Summary: God does not giv e up on us. He keeps showering us with his love, grace and mercy.

Romans 11:1-2a, 29-32 “Tenacious”


During the Battle of Britain, in World War II, Winston Churchill has been quoted as saying, “Never give up, never give up, never give up!” I have always thought these words rang true for Christians as we walk as disciples and servants of Jesus Christ and face seemly insurmountable obstacles. Paul’s words today, in his letter to the Roman Christians, convinces me that Churchill’s words could also be used to describe the Lord’s movement in our lives and in the world in which we live.


Paul spends three chapters in his letter to the Roman Christians discussing God’s relationship with his chosen people, the Jews. We have spent the last two Sundays struggling with Paul’s words seeking to apply them to our lives today.

In his closing statements, which are contained in this verse, Paul makes the stark, bold claim, “Hell, no! God has not rejected his people” (Rather meekly translated in our text as “by no means). Previously, he has based this claim on Old Testament stories and theology. He now bases his claim on himself and what God has done in his life.

Paul was an educated Jew. He had a rather distinguished pedigree and identified himself as a Pharisee. As a conservative, traditional, observer of the law, Paul opposed the new sect called, “The Way” (whose followers were later called “Christians). He didn’t just voice his opposition, but rather actively persecuted the early disciples of Jesus Christ. He imprisoned some and stood by while others were executed. In his writings, Paul states that he considers himself the “chief of sinners.” Living in opposition to the God whom he sought to serve, Paul was amazed that God would single him out, appear to him on the road to Damascus, forgive him, give him the ability to believe, and respond to God’s grace with faith.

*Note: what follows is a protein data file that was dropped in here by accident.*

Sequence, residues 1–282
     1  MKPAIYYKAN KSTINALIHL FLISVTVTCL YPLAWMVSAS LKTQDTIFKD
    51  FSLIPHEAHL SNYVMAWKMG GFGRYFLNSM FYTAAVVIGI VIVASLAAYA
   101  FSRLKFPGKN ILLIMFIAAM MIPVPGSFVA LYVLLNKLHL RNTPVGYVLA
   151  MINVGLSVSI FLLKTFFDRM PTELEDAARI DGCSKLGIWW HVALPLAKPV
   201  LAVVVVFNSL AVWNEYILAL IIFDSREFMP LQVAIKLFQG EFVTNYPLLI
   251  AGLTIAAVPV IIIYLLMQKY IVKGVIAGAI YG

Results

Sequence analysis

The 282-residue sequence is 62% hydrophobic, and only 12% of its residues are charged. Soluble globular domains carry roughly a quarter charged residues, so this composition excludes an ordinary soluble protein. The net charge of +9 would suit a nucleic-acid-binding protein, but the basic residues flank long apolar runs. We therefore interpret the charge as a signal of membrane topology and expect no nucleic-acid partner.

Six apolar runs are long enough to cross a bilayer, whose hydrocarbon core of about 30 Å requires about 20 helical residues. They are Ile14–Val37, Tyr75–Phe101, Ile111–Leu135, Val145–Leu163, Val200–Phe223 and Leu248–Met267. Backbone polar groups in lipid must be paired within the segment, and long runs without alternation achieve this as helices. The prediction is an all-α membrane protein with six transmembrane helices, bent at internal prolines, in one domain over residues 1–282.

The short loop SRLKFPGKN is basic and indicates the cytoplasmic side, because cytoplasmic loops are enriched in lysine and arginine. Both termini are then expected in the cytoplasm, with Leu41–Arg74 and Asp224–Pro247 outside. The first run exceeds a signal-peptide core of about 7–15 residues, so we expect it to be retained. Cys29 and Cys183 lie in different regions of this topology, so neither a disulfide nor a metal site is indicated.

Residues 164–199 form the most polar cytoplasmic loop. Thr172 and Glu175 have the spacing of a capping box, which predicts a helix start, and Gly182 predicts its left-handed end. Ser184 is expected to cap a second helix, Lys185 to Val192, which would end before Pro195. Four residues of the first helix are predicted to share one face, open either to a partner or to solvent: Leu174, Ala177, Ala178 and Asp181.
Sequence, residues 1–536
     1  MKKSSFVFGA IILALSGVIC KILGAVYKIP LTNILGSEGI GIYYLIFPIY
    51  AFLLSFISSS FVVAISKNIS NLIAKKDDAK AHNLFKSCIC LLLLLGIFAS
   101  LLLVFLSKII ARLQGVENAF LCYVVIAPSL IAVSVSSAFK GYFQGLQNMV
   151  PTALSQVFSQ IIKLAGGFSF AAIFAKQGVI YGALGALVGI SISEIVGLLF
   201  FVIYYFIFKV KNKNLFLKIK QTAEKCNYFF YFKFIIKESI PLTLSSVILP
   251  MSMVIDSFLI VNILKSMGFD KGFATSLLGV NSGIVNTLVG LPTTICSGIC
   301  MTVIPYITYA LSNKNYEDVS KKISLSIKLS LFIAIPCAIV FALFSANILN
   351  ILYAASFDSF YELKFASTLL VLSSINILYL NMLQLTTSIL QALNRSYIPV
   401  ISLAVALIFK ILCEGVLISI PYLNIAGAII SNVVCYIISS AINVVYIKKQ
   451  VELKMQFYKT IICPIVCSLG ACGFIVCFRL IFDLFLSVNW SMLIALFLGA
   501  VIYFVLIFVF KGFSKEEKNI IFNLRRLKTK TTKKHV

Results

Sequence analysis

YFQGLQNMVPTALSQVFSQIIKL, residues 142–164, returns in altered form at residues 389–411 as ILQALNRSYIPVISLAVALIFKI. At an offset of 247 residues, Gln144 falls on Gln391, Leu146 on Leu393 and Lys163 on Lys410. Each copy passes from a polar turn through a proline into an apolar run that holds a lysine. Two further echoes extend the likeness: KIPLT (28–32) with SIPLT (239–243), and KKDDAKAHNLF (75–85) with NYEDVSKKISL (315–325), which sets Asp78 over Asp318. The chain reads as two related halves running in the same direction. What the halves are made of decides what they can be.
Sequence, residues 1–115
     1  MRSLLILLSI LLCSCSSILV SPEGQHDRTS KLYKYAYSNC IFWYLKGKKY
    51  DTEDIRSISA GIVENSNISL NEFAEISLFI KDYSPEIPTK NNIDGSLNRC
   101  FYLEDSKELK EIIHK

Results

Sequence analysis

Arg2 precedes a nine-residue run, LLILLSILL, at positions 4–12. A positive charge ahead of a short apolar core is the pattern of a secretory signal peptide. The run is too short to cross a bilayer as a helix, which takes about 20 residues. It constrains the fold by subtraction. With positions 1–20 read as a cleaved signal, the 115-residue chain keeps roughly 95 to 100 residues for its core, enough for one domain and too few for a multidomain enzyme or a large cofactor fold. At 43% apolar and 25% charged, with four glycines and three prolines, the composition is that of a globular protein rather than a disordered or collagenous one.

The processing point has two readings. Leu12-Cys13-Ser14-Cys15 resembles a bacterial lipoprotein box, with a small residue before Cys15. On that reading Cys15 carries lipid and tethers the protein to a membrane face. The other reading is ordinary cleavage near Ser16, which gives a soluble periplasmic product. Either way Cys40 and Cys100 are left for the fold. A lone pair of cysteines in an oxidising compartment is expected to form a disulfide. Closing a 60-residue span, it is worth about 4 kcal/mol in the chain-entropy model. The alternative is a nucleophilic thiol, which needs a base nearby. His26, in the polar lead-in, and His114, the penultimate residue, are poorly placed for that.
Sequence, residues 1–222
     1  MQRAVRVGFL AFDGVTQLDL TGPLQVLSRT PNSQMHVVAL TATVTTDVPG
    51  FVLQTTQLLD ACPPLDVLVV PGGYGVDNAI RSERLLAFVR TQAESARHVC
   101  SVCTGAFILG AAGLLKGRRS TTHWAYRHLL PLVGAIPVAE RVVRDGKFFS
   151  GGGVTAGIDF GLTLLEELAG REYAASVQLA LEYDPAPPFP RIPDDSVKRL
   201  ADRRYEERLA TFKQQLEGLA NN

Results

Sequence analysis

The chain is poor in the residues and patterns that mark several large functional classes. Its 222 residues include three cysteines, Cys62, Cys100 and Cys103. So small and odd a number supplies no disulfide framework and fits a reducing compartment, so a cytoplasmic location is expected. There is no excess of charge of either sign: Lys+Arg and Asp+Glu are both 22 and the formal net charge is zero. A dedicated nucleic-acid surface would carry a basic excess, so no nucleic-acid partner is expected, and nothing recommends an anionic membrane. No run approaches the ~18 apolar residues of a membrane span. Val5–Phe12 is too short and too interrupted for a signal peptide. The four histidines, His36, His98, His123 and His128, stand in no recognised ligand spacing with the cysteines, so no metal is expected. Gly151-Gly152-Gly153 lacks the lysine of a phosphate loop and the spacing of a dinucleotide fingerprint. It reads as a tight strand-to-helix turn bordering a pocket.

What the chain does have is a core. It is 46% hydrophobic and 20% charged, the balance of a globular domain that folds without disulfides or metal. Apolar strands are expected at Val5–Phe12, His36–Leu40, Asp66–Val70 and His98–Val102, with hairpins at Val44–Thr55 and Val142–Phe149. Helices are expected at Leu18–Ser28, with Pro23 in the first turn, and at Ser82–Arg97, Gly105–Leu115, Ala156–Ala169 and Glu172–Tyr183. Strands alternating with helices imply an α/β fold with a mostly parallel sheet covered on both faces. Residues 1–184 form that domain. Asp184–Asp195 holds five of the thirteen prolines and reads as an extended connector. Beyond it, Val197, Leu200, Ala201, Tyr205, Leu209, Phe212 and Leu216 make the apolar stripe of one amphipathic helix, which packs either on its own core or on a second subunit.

Paul wasn’t the only imperfect person that the Lord has used. Jacob, one of the fathers of the Jewish people was a liar and trickster. Moses was a murder with a speech impediment—he stuttered. King David was a rapist and murder. The disciple/apostle Peter betrayed him. The list of imperfect people is endless, both in the Scriptures and in the history of the church.

For example, John Newton, the writer of the beloved hymn, “Amazing Grace,” was a captain of a ship in the slave trade. Raised with minimal exposure to religious practices or teaching, he found himself calling out to the Lord, “To have mercy on him,” in the midst of a storm that threatened to sink his ship. Later he referred to this event as his “Great Deliverance.” The fact that God has reached out to him and drawn Newton to himself even after what Newton had done and who he had become inspired Newton to pen the words to Amazing Grace.

God is a tenacious God. According to Paul, the Lord will not stop moving in the lives of the Jews drawing them into a faithful relationship with him, and God will not stop moving in our lives inviting us in to a closer walk with him, and transforming us in to his image.


I recently read a book entitled, The Evolution of Faith. In the book, the author argues that the Christianity should drop its insistence that humankind is in bondage to sin. He supports his argument with several interesting points, and eventually comes to the conclusion that Christianity’s stress on sin is too negative and against the characteristic of God--God would never make imperfect (non-good) people.

It is an attractive argument, but it doesn’t work for me. (I don’t think it would work for Paul, either.) First, I’ve met some people who believe that they have attained a level of sinlessness. I haven’t been impressed by them and didn’t agree with their claim of sinlessness. I found them usually to be self-righteous, with a distinct holier-than-thou attitude. They were not nice people who frequently did evil, nasty, unloving things in the name of Jesus.

The second reason I have trouble with the author’s argument is me—myself. I can describe myself in many ways, but sinless is not one of them. I don’t think that I’m alone in this. Most of us try to be good people. We know, however, that even at our best we are a little “rough around the edges.” There are areas of our lives that we don’t like, and some areas of which we are ashamed. We fear being too transparent convincing ourselves that if people knew what we really were like they would reject us and flee from us. The good news of God’s love and grace is that our goodness doesn’t cause the Lord to love us anymore and neither does our sinfulness persuade God to love us any less.

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